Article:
I WAS struck last week by theSun’s reporting of the Pakatan Rakyat (PR)’s convention and newly unveiled manifesto. The 26 Feb 2013 coverage featured a full page on the PR convention and another colour page with a summary of the manifesto’s highlights. The articles were generally neutral and informative, and gave a good overview of what the PR was promising if it were to take federal power at the next general election. Reports the next day focused on analysts and non-governmental organisations’ critical reactions to the manifesto.
This was quite different from The Star’s coverage. Its article citing Barisan Nasional (BN) leaders rubbishing the manifesto was longer than the one on what the manifesto was actually about. New Straits Times was full of one-sided name-calling quotes: the manifesto was described as “empty promises”, “full of lies”, “a ploy to fool the people” and something that would “ruin the economy”. And Utusan Malaysia couldn’t help itself but to blur the lines between commentary and the news. In Pakatan kitar semula manifesto, the paper declared that the PR was once again making promises without proving they could implement them, before listing the manifesto’s proposals.
Reading reports on the PR manifesto foreshadows what media coverage will be like during the 13th General Election (GE13). theSun’s PR manifesto coverage demonstrates that fair and informative reporting is possible, even in Malaysia’s politically controlled media climate. This then made me think – what other elements would I would wish for in the media’s coverage of the looming polls?
Equal and fair
It would be really refreshing to see our traditional media giving equal space and air time to all candidates, instead of the usual barrage of BN-friendly articles. The role of the media is to equip voters with as much knowledge as possible so that citizens can make informed decisions at the polls in the interest of what’s best for our democracy.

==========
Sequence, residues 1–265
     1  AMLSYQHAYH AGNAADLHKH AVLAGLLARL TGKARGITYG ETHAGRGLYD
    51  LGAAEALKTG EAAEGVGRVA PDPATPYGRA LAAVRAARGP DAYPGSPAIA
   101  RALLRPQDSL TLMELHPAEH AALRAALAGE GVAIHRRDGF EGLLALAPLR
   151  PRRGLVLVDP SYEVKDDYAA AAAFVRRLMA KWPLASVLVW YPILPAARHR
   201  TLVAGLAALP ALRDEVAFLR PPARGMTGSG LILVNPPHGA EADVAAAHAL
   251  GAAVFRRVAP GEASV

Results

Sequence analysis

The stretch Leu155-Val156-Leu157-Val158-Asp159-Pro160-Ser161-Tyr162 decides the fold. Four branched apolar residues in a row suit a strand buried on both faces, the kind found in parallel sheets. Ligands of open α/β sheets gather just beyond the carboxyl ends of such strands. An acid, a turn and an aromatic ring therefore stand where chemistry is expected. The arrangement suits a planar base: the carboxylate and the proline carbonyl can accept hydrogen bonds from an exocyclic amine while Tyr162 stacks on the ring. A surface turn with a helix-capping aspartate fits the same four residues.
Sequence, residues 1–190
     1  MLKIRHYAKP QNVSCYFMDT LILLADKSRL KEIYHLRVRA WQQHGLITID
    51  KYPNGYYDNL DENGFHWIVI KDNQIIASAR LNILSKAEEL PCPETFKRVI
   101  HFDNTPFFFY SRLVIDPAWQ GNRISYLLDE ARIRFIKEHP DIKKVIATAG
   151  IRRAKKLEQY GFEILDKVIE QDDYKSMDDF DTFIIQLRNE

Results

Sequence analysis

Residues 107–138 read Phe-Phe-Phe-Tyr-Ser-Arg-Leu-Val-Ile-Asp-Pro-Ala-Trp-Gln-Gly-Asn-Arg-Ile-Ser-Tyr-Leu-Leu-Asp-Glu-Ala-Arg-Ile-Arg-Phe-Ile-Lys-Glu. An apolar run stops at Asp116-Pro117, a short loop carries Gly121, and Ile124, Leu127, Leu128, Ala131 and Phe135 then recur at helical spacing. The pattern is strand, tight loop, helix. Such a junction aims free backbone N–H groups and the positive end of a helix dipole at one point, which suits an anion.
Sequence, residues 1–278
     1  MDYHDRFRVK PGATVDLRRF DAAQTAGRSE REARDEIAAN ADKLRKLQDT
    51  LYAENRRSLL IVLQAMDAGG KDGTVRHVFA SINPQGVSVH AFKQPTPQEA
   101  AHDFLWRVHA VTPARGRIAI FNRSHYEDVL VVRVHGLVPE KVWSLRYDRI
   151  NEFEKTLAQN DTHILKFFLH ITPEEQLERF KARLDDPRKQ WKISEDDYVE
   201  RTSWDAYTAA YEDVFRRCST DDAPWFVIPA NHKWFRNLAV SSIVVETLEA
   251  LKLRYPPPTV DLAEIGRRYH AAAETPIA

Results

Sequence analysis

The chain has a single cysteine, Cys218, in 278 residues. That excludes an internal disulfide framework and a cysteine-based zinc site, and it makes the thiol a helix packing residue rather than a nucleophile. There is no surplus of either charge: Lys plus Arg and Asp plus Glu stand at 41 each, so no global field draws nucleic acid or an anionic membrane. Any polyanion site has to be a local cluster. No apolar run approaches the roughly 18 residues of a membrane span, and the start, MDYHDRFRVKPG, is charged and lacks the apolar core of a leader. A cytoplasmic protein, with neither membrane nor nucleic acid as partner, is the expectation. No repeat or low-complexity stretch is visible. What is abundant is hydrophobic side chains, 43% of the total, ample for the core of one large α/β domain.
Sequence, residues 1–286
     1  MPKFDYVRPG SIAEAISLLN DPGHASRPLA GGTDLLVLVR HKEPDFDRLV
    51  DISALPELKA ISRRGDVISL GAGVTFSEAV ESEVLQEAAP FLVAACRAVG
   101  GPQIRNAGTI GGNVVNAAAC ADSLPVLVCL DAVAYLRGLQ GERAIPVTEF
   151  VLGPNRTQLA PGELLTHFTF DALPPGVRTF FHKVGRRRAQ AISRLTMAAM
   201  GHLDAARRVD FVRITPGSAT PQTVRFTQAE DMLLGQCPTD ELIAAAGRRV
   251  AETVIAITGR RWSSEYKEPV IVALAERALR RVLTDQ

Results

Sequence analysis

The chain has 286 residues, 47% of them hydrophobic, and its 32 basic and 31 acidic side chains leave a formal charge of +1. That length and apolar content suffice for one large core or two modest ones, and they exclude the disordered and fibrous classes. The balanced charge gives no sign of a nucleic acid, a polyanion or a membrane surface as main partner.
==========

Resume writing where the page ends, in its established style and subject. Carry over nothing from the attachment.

The media can do that by ensuring all candidates and political parties during the election have equal opportunity and space to present their credentials and promises to the rakyat. At the same time, both the BN and PR’s achievements and missteps should be highlighted. If the BN government has been working as hard as Prime Minister Datuk Seri Najib Razak says, BN leaders should relish the chance at being compared to and outshining their PR counterparts, instead of dominating the news cycles with self-congratulatory reports. After all, if there’s no apparent competition to show that the BN is better, then why should anybody be convinced that the BN is superior to the PR?
A fair media would also put opposition leaders on the front pages from time to time, instead of the usual suspects of Najib and his Cabinet members. Being constantly bombarded by flattering images of Najib could lead some to conclude that our prime minister has an unhealthy preoccupation with favourable photo opportunities. This perception is further strengthened when stories emerge of photographs being doctored to depict him surrounded by large crowds. How about putting a photograph of Datuk Seri Anwar Ibrahim and his supporters on the front page, for a change? He is, after all, the opposition leader, a recognised parliamentary position, and not an enemy of the state as the traditional media, in particular Utusan, is so keen to portray him as.
And how about BN-controlled newspapers being a little self-critical? Along with its articles vilifying the DAP, The Star could, for instance, ask questions about why Chinese Malaysians appear to have abandoned the MCA. And alongside questioning PAS’s Islamic credentials, Utusan could explore whether it’s time for Umno to modify its race-based claim for “ketuanan Melayu”. If the press could demonstrate that they are willing to be equally critical of all parties vying for power, it would be so much easier for citizens to trust that there is no hidden agenda behind a newspaper’s criticisms of a politician or party. It would also demonstrate that the press has the public’s interest at heart, and was not being driven by partisan self-interest.